Wood poised to join Footsie as shares hit record high

WOOD Group last night looked on track to join the FTSE 100 index this month as record crude oil prices and consolidation in the oil services sector pushed its shares to fresh highs.

Aberdeen-based Wood rose 2.8 per cent to a record 450.25p on renewed consolidation hopes, after Reading-based rival Expro International said its board was recommending a 1,435p-a-share bid.

The offer, which values Expro at more than 1.6 billion, came from Umbrellastream, a company controlled by private equity firm Candover and investment bank Goldman Sachs.

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Royal Bank of Scotland is one of five banks involved in a loan of almost 1bn to fund the deal.

It is the latest in a wave of consolidation sweeping the sector. In December, Aberdeen-based oil-rig company Abbot agreed to a takeover offer from US private equity firm First Reserve, which valued it at 906 million.

Shares in the oil services companies Hunting and Lamprell also rose yesterday as analysts predicted further consolidation bids.

Wood Group chairman Sir Ian Wood, whose father founded the company, has previously played down the need to take part in industry consolidation.

"Consolidation generally only takes place in a market when its going the other way," he told The Scotsman in March. "Most of the major players in oil services in the UK are growing extremely well and I'm not quite sure why people think there's got to be consolidation."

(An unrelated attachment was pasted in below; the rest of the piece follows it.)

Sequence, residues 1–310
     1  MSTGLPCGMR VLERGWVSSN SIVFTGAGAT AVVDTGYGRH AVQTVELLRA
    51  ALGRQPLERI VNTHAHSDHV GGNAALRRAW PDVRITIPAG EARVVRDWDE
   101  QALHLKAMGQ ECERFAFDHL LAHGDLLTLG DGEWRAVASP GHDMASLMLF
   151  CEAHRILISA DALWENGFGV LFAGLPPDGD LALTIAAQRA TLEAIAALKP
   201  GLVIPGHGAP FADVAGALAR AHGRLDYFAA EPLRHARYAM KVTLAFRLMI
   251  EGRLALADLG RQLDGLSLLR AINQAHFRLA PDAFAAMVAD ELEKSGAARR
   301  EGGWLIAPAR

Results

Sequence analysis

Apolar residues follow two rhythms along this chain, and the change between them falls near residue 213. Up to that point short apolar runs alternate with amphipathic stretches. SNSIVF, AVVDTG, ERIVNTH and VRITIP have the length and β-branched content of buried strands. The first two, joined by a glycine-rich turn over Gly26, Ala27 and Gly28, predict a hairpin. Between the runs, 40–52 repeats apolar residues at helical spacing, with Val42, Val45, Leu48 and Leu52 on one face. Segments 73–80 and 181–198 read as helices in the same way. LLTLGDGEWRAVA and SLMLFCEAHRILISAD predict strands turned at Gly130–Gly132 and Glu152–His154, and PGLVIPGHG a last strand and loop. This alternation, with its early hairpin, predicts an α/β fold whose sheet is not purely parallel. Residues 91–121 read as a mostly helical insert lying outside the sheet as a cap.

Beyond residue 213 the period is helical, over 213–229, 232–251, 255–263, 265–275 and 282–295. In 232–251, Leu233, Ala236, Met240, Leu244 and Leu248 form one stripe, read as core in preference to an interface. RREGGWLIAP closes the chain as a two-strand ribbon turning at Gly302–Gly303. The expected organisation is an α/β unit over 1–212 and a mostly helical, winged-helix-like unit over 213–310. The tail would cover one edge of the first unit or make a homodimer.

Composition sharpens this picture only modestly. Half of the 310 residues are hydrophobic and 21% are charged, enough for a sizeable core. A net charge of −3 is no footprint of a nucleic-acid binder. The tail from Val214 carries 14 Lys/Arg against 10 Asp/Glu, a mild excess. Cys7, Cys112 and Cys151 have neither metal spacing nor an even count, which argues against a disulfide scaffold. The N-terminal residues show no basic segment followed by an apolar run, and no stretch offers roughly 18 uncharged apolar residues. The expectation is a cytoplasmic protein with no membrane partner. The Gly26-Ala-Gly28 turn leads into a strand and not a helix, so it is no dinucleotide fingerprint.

Now the company, which employs more than 25,000 staff, is the leading contender to join the blue-chip FTSE 100 index of Britain's largest listed companies later this month.

In March, Wood was placed on the six-member Footsie reserve list, which is created to maintain the index at 100 companies should the number be reduced as a result of corporate actions between quarterly reviews. One of the companies will be promoted this month after shares in the Edinburgh-based brewer Scottish & Newcastle are delisted following its takeover by Carlsberg and Heineken.

Last night, Wood's market capitalisation stood at 2.38bn, around 70m more than support services company Bunzl, the next most valuable reserve list member.

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Asked at its 2007 results whether Wood was hoping to join the blue-chip index, Sir Ian said he was not losing sleep over the prospect. Besides prestige, joining the FTSE 100 traditionally gives shares a boost, with funds dedicated to tracking the index obliged to acquire a stake.

Wood recently revealed that earnings before interest, tax, depreciation and amortisation (Ebitda) had risen 48 per cent in 2007 to $318.4m (160.8m).